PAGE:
Summer Farm Camp, for small groups of children ages 7 through 12
Some ingredients of a Journey’s End summer are:
daily work and play outdoors in our 210 acres of fields, streams, woods and gardens
responsible participation in caring for animals, harvesting fruits and vegetables, cleaning up, creative problem solving
practical skill development in activities such as wood shop, woodcraft, ceramics, knitting, macramé, fire-building, gardening
hilarious fun on mud hikes, creek hikes, dressing up in costume, doing improv skits, playing shoe golf
fresh, nutritious food responsibly grown in our gardens and raised in our pastures
daily reflection time during morning meeting under the trees, on the grass, in the hay, or around the fireplace
love and encouragement from a mature, caring staff, acceptance in a camp community grounded by a spirit of respect
Journey’s End Farm Camp was founded in 1939 in Honeoye, NY, by Leon and Edith Allen, parents of Marie Allen Curtis. Following Marie's marriage to Ralph Curtis, the newlyweds eventually settled on the Curtis farm in Sterling, Pennsylvania. In 1960, they took on the directorship of Journey's End Farm Camp and moved it to the farm in Sterling. Ralph and Marie served as directors until 1987, when they passed the leadership to their sons, Tim and Carl, with Carl’s wife, Kristin, helping off-stage. Since Carl’s passing in 2002, co-Directors have included Chris Martin and Greg Elliott as well as Kristin, with Tim arriving from Monteverde, Costa Rica, to spend parts of each summer at camp. Tim was Director, in residence with his wife Helena, from 2010 - 2016. The 2017 season saw a transition to the next generation with Andrew Curtis (Carl and Kristin's son) as Director. Kristin remains on staff and is one of the voices you will hear if you call the office.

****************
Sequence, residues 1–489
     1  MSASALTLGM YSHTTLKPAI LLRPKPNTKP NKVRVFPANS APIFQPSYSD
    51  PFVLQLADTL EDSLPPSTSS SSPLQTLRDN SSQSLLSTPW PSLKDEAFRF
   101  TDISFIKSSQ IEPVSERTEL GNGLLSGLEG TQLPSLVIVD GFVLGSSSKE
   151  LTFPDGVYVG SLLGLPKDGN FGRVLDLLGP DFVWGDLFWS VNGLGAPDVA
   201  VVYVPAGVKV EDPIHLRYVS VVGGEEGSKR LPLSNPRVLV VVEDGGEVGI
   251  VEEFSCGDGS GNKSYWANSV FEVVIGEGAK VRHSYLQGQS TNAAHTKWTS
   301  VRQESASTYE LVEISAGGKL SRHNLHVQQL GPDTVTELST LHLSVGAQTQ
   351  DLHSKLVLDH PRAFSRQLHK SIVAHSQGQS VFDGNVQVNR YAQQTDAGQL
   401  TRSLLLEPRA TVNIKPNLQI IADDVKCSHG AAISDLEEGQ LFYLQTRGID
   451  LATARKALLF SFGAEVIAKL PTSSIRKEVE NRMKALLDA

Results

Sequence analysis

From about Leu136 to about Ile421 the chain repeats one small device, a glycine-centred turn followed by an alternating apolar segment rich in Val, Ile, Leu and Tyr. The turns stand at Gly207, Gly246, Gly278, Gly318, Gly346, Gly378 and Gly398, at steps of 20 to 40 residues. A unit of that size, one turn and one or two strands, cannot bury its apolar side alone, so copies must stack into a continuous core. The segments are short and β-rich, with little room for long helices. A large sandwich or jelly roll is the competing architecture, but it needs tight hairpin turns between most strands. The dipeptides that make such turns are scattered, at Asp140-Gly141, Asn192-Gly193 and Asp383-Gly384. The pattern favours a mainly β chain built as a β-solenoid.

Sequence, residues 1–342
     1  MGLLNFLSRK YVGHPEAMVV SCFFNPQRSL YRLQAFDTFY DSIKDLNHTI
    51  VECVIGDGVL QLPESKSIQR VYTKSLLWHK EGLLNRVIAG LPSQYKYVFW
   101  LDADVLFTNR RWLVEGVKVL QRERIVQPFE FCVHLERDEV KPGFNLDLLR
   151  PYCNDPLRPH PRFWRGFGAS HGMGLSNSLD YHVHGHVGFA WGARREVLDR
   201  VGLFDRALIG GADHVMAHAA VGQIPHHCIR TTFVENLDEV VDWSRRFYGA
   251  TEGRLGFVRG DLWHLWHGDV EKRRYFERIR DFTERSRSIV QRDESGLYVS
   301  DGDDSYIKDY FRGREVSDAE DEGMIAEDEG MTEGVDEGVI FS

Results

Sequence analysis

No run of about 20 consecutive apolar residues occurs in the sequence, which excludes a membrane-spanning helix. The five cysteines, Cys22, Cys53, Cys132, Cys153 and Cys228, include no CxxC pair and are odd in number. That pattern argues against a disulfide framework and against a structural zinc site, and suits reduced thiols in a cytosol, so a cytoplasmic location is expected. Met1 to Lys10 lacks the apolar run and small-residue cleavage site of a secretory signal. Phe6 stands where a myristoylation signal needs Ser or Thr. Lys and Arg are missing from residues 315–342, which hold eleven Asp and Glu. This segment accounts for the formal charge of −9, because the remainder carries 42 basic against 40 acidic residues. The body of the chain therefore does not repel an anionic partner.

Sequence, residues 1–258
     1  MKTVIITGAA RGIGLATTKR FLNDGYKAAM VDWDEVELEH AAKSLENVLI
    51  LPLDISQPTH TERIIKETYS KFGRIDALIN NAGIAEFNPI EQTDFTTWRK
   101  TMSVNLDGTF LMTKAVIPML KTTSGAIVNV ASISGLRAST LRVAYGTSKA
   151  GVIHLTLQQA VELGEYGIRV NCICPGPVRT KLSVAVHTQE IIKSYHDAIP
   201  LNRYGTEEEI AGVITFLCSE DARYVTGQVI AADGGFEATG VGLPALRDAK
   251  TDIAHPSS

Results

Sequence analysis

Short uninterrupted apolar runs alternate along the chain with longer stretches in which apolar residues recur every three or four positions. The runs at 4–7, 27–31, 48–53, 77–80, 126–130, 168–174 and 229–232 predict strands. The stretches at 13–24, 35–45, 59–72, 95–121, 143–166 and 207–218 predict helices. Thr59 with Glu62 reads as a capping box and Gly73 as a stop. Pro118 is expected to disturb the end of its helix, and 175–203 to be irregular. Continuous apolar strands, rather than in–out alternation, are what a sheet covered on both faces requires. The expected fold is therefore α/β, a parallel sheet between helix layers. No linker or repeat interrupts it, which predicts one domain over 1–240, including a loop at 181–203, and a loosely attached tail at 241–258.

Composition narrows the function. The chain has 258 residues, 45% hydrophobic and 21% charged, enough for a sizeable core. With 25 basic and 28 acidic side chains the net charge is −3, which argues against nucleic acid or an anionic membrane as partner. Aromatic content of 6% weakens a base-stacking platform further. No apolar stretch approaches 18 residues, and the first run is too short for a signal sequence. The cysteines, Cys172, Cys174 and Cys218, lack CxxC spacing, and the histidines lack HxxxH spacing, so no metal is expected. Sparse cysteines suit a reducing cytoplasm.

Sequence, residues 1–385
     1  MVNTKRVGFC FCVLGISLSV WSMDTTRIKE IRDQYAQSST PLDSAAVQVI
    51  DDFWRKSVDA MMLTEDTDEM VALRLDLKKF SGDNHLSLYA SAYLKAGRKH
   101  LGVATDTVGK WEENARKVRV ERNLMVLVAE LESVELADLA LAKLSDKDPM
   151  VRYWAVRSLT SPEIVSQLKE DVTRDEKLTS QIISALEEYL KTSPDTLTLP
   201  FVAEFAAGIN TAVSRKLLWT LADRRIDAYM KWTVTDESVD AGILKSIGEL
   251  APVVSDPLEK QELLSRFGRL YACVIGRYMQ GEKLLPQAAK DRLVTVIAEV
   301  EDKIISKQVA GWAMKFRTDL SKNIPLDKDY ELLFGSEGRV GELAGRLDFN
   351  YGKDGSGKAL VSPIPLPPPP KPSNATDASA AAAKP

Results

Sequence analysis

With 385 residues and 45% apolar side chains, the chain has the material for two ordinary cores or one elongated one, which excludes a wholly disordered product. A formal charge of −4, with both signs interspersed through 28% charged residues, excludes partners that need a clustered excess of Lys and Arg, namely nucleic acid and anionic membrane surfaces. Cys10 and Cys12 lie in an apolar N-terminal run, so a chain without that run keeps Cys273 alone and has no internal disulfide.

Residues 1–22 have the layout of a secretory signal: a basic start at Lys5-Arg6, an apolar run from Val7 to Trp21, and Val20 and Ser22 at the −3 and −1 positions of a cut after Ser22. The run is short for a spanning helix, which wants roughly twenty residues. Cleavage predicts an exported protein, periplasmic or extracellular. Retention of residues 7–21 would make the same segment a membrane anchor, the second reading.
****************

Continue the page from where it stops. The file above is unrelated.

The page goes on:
Journey’s End, both the farm and the camp, has been life-transforming for generations of children. Our second-generation campers number in the dozens. Each session we have several campers whose parents attended camp or worked here as counselors, and we’re starting to welcome third generation campers.